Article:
The reform effort at Martin Luther King Jr.-Harbor Hospital appears to be faltering, as the county backs off key promises to purge most of the staff and effectively hand control of the hospital to highly respected Harbor-UCLA Medical Center.
The two pledges were cornerstones of a plan last year that persuaded regulators to hold off on pulling all federal funding, which would have effectively shut down the troubled Willowbrook hospital.
With little explanation, county health officials disclosed during a Board of Supervisors budget meeting Monday that they had reassigned only about one-third of the 1,200 employees they initially projected would be shifted to other institutions.
Officials have also suggested to the board in recent days that Harbor's leaders have had a less significant role in reshaping the hospital formerly known as King/Drew than supervisors previously envisioned.
The revelations come as King-Harbor is under scrutiny once again for allegedly mishandling the care of patients.
A woman last month died after writhing untreated on the floor of the emergency room lobby for 45 minutes.
In February, a brain tumor patient languished in the ER for four days before his family drove him to Harbor-UCLA for emergency surgery.
Federal inspectors concluded, based partly on the February case, that King-Harbor's emergency room patients are in "immediate jeopardy."
That finding elevates concerns about the hospital's ability to pass a crucial inspection next month that could determine its fate.
The disclosures about reform efforts seemed to take the county board by surprise.
"We were all assured that Harbor would be supervising here, and they are not anywhere in the process," said Supervisor Gloria Molina at a meeting last Tuesday. "Is that [collaboration] just a facade or is that real? It looks like a facade to me."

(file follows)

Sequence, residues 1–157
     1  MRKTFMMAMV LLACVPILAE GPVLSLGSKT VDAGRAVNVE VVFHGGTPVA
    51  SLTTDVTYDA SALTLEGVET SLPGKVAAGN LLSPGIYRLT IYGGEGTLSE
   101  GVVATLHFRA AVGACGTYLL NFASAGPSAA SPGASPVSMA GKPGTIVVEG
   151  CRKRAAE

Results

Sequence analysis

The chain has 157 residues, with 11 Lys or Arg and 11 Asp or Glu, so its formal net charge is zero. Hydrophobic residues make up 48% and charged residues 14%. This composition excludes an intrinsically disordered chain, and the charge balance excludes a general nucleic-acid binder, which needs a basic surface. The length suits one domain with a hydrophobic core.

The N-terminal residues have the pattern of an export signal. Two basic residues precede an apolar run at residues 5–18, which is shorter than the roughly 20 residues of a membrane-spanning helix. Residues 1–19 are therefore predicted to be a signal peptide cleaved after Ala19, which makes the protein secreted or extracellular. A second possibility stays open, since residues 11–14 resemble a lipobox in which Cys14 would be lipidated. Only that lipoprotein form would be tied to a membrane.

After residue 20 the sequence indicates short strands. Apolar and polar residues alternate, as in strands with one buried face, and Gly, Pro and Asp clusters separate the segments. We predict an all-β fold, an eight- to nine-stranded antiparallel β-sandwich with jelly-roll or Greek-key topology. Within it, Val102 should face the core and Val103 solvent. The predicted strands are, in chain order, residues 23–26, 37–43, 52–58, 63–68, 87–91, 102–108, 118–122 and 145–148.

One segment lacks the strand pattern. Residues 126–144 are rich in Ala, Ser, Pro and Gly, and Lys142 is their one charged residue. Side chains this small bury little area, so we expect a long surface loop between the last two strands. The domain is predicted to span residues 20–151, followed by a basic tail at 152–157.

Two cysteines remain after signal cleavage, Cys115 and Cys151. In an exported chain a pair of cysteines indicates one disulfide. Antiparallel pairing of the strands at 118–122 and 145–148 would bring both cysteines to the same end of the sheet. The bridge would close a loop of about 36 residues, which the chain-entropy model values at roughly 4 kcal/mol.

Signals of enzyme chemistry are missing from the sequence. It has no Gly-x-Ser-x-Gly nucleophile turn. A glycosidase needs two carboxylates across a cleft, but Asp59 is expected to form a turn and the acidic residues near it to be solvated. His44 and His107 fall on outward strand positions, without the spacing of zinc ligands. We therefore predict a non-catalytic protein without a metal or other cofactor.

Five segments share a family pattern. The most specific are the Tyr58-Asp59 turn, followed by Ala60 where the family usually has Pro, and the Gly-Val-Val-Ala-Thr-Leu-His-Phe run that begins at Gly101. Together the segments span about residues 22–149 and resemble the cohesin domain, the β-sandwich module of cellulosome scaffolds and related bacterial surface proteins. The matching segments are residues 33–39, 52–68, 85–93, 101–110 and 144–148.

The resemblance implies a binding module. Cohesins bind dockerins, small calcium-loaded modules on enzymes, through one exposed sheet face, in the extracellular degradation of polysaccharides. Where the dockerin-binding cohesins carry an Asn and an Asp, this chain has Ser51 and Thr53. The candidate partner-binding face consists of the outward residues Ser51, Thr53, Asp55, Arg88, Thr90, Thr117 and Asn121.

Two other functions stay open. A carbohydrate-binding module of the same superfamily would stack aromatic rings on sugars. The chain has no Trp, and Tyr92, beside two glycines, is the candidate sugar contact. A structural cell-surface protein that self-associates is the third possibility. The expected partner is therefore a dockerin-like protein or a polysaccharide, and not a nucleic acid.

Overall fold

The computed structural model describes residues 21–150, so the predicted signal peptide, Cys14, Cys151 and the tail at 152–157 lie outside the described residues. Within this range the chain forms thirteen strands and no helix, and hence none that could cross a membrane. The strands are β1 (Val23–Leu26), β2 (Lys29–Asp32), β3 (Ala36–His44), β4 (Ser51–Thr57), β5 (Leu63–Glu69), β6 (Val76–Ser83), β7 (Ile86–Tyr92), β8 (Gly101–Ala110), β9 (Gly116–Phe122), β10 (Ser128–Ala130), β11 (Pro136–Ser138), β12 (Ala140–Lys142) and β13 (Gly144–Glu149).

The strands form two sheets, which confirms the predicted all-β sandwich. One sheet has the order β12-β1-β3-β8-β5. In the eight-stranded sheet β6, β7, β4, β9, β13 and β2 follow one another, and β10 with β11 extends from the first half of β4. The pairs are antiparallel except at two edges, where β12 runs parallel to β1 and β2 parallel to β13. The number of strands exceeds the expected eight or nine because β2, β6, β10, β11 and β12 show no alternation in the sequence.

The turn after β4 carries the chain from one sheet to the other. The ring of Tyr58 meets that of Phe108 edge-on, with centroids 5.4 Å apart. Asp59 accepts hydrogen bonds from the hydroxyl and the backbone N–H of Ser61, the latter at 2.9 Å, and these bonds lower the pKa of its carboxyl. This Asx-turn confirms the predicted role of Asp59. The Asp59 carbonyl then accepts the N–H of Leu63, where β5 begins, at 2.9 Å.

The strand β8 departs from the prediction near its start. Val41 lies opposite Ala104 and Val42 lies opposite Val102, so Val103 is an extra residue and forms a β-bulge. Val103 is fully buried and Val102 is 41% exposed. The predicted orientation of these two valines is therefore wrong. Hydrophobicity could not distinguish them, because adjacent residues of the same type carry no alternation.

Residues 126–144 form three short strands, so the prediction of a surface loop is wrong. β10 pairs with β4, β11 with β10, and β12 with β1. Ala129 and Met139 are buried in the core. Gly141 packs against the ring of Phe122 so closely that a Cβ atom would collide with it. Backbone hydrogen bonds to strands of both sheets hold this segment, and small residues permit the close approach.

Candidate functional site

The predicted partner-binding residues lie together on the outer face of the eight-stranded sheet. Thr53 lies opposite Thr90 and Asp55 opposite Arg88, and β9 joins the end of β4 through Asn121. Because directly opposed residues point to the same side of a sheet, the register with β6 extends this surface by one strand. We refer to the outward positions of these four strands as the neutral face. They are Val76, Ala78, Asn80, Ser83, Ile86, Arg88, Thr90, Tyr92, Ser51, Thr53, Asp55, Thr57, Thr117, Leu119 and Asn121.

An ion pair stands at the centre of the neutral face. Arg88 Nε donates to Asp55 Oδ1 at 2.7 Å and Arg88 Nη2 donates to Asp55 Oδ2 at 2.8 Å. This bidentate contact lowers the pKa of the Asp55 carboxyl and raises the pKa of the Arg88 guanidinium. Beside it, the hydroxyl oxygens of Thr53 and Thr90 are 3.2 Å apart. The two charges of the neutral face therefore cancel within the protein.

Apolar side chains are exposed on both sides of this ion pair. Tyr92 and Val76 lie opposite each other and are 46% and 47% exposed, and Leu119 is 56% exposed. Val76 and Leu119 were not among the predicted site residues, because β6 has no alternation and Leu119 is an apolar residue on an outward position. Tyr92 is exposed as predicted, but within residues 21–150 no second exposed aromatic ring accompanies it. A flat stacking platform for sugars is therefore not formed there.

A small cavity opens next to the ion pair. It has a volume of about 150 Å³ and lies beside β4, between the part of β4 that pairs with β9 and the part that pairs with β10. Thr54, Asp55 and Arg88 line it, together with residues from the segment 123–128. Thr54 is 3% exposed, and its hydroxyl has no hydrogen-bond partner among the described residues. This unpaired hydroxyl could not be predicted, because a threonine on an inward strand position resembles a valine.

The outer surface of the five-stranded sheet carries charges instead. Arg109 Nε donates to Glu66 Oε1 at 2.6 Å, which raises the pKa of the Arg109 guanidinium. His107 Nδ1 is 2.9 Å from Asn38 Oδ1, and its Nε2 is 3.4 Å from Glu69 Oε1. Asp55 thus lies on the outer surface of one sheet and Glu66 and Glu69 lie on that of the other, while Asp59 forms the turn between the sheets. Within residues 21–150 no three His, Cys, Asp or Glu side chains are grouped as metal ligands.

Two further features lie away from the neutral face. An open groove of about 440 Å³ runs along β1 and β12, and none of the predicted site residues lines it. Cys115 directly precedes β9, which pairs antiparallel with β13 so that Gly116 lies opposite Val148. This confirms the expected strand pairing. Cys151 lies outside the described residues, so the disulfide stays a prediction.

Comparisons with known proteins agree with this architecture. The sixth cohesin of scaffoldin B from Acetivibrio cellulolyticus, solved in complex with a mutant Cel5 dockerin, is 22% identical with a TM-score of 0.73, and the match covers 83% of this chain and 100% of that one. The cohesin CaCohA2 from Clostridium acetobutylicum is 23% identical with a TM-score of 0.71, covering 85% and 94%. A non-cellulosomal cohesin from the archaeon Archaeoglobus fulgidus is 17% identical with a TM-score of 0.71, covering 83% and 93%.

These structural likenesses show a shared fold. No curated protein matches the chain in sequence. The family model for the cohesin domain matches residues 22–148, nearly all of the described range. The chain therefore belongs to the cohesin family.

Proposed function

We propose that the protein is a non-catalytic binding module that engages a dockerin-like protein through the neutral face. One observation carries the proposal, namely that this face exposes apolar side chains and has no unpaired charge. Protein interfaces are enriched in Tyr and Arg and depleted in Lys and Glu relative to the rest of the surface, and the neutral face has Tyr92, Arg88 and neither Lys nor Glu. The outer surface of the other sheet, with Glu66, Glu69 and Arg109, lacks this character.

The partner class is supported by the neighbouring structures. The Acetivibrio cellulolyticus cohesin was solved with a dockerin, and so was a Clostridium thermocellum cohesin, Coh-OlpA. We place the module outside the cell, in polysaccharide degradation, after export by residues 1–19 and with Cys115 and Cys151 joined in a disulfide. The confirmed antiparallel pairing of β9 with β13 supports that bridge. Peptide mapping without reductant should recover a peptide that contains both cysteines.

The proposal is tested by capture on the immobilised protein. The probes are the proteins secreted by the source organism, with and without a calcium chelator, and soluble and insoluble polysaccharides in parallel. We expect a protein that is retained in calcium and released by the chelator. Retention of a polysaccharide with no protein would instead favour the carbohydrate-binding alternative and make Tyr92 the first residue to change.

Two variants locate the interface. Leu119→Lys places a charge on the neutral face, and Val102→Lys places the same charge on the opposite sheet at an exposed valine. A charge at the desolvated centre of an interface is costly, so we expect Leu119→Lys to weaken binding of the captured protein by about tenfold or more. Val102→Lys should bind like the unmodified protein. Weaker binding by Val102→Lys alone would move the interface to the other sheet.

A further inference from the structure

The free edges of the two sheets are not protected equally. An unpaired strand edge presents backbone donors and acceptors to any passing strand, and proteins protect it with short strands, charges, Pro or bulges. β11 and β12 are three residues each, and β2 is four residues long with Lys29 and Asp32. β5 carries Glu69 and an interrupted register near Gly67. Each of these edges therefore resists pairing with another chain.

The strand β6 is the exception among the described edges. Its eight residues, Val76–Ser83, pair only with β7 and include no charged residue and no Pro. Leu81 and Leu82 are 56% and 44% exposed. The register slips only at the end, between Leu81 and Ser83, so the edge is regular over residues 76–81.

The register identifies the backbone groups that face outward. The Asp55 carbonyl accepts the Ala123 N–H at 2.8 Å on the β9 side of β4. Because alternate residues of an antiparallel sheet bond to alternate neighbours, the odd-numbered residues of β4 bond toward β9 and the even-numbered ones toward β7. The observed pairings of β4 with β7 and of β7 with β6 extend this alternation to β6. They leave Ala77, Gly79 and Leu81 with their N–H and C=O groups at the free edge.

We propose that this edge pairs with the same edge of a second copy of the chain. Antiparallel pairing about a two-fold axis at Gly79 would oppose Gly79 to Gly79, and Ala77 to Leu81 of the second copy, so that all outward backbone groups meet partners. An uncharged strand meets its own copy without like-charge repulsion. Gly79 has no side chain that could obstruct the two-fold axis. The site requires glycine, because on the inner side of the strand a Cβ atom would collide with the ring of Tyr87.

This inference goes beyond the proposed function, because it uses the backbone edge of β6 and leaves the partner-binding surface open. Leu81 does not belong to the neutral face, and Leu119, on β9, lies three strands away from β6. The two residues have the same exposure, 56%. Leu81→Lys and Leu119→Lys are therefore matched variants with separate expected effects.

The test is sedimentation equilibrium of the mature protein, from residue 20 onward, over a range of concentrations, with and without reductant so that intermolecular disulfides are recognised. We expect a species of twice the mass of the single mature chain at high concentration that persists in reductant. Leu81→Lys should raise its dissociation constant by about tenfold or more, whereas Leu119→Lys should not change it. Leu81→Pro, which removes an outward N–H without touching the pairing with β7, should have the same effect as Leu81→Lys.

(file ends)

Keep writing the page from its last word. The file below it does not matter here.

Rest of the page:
The tension between supervisors and health department officials could come to a head today. The board has ordered the top brass involved in the King-Harbor rescue effort -- including administrators at Harbor-UCLA -- to appear in person to answer detailed questions.
Expectations of a turnaround at King-Harbor rose in October when the county successfully pitched a last-chance salvage plan to the federal government.
That plan called for the hospital, which serves some of the county's neediest residents, to radically downsize and refocus on community medical care, including emergency room and outpatient services. Two pillars of the plan were to weed out underperforming staff members and, as a health department news release put it, integrate the two hospitals "under one medical management and administrative leadership team at Harbor-UCLA."
In a symbolic break with King/Drew's past, the hospital was repackaged as King-Harbor.
Chernof wrote to the U.S. Centers for Medicare and Medicaid Services in October that "every employee and every physician" would be reassigned.
"These sweeping changes ... provide the specific evidence that the safety and quality of care required by statute and regulations will assuredly be met," he wrote.
But the changes did not materialize as promised, recent testimony and reports show. Most employees remained in place.
About two-thirds of the 388 registered nurses on King-Harbor's staff shortly after the reform plan was adopted -- including at least two with previous suspensions -- remained on staff as of the end of last month, according to records reviewed by The Times.
On Monday, Supervisor Zev Yaroslavsky questioned why those suspected of being problem employees remained at King-Harbor.
"We're in the situation we're in because we didn't go as far as we knew we needed to go in purging the organization of its underperforming personnel," he said.
Chernof said the estimate of the staff changes needed was not a "terribly informed number, because nobody's ever done anything like this ever before."
Other problems emerged during efforts to retrain King-Harbor staff. The most promising employees were supposed to go to Harbor-UCLA for instruction. But that became unmanageable, health officials said, because King-Harbor needed these staffers to continue running the beleaguered hospital. So the training had to take place at King-Harbor.
Meanwhile, deficiencies persist among King-Harbor nurses. New data obtained by The Times show that in April, 60% of 285 registered and licensed vocational nurses failed one or more parts of basic clinical competency assessments. More than one in 10 failed three or more sections of the assessment.
Nearly half of King-Harbor's specialized nurses -- those who work in intensive care units and post-anesthesia care, for instance -- failed at least one section of a separate round of competency assessments last month. The same was true of more than 60% of operating room RNs and surgical technicians.